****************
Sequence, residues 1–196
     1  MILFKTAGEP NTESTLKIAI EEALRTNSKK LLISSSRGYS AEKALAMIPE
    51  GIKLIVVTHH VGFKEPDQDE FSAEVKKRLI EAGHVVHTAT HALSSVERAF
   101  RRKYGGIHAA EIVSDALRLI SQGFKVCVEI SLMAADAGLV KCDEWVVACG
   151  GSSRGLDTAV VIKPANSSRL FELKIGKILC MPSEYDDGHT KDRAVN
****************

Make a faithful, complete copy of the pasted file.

Sequence, residues 1–196
     1  MILFKTAGEP NTESTLKIAI EEALRTNSKK LLISSSRGYS AEKALAMIPE
    51  GIKLIVVTHH VGFKEPDQDE FSAEVKKRLI EAGHVVHTAT HALSSVERAF
   101  RRKYGGIHAA EIVSDALRLI SQGFKVCVEI SLMAADAGLV KCDEWVVACG
   151  GSSRGLDTAV VIKPANSSRL FELKIGKILC MPSEYDDGHT KDRAVN